Dress codes: Smart casual, dress to impress, cocktail attire, tropical chic, explained.

Slate’s Handy Guide to Dress Codes

Slate’s Handy Guide to Dress Codes

Answers for modern men.
Dec. 3 2014 7:02 PM

Dress Codes Decoded

What does “dress to impress” mean? “Smart casual”? “Grown and sexy”?

Please send your questions for publication to gentlemanscholarslate@gmail.com. (Questions may be edited.)

Troy Patterson.
Troy Patterson.

Photo by Christina Paige

I have received a wedding invitation that specifies “cocktail attire” for the ceremony and reception. My investigation shows that this can mean any number of things. I come from Oregon, where formal attire means choosing one’s best flannel and scraping the mud off one’s boots. My wife has any number of stunning dresses that would fit the bill, but I don’t even own a suit. Is this time to buy one? Please give me some tips for navigating the rocky shoals of proper cocktail attire.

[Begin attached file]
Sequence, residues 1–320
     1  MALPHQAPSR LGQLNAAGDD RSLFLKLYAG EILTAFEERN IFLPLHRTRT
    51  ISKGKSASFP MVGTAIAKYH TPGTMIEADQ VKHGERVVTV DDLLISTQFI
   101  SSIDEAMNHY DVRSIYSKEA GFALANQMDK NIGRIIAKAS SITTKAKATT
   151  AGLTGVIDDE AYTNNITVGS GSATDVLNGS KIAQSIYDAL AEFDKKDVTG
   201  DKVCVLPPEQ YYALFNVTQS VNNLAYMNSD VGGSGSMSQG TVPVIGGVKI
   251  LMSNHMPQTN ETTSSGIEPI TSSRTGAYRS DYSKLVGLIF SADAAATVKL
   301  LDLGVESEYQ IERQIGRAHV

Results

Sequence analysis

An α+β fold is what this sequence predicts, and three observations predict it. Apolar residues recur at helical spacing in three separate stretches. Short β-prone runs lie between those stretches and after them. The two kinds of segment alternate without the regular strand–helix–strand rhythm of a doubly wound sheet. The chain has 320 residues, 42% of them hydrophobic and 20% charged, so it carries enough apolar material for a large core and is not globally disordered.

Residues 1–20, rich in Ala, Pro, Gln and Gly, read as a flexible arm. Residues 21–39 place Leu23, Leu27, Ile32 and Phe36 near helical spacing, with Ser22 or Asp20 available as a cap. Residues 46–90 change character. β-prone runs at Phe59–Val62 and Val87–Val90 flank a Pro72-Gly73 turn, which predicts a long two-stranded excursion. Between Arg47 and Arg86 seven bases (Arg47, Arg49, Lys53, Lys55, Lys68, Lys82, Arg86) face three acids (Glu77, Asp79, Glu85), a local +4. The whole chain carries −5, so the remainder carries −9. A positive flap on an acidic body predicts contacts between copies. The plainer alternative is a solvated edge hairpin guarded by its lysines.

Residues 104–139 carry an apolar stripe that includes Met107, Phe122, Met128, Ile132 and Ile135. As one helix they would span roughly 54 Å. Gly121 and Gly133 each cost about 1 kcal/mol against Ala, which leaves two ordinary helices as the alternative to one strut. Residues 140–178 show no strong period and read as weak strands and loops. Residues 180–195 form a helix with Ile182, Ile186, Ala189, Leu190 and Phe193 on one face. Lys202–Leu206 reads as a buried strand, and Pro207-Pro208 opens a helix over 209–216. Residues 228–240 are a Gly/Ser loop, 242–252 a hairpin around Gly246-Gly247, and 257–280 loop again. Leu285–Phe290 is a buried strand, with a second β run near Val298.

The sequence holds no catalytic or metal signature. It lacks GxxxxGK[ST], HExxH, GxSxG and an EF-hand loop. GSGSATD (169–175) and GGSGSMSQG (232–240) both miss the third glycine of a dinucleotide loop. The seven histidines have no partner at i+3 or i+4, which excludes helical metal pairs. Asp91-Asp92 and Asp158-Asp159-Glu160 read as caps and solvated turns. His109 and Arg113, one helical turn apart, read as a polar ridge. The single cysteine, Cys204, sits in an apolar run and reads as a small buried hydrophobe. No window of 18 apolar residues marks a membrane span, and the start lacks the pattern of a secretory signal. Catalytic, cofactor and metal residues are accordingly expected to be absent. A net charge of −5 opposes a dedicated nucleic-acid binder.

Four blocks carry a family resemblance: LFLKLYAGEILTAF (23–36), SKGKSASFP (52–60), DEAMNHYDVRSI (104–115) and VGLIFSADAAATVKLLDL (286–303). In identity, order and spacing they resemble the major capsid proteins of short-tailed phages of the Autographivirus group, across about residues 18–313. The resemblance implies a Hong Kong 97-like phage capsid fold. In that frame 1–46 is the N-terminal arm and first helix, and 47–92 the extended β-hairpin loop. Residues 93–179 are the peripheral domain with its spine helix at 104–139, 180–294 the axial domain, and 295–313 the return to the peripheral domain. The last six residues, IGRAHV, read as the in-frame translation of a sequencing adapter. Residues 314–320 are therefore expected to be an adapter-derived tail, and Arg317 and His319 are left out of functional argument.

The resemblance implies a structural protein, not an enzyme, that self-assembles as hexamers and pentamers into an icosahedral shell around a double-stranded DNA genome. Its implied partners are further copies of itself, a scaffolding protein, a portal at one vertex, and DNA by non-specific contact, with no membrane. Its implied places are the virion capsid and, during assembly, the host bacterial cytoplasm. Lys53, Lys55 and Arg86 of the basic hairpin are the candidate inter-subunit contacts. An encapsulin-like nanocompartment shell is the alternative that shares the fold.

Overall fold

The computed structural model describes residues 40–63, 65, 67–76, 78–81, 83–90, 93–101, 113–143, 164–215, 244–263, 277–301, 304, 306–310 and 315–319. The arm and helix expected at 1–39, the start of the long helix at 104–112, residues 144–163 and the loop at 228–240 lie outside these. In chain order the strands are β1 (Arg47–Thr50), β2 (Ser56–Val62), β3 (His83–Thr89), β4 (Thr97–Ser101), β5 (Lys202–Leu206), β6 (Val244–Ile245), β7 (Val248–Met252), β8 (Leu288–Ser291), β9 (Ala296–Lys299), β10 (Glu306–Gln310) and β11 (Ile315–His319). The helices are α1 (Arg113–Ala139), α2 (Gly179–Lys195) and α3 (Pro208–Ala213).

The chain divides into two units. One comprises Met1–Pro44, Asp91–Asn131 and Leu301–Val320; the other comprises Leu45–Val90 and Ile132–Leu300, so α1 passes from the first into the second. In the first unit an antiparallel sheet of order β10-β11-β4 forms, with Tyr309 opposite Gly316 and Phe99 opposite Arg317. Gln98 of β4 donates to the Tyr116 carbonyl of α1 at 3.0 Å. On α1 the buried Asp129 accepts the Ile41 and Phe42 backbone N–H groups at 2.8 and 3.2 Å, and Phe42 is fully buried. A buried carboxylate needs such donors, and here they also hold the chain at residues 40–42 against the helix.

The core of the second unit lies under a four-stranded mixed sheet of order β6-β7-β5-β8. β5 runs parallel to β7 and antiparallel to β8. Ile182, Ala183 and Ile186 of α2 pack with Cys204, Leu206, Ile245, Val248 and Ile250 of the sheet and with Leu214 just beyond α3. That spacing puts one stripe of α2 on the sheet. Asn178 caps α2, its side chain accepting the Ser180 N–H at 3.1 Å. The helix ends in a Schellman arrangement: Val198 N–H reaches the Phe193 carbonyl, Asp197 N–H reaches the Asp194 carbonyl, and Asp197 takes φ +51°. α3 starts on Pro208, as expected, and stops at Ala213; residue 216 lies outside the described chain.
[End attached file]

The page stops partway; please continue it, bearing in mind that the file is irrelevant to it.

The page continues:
Thank you for your question!

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The concept of cocktail attire originated in the U.S. during Prohibition—natural timing, given the irony intrinsic to the noble experiment: There was significant personnel overlap between the movement in favor of women getting to vote and the movement against anybody getting to drink, and the abstemious suffragettes supporting the 18th and 19th amendments inadvertently chased their daughters into speakeasies and such. They created the Drinking Woman—“an ideal rooted in newfound concepts of individuality and a denial of Edwardian matronly functions,” as the Costume Institute at the Metropolitan Museum of Art puts it:

She emerged at private cocktail soirées and lounges, and the cocktail dress, as a short evening sheath with matching hat, shoes, and gloves, was designated to accompany her. The cocktail affair generally took place between six and eight p.m. Cocktail garb, by virtue of its flexibility and functionality, became the 1920s uniform for the progressive fashionable elite.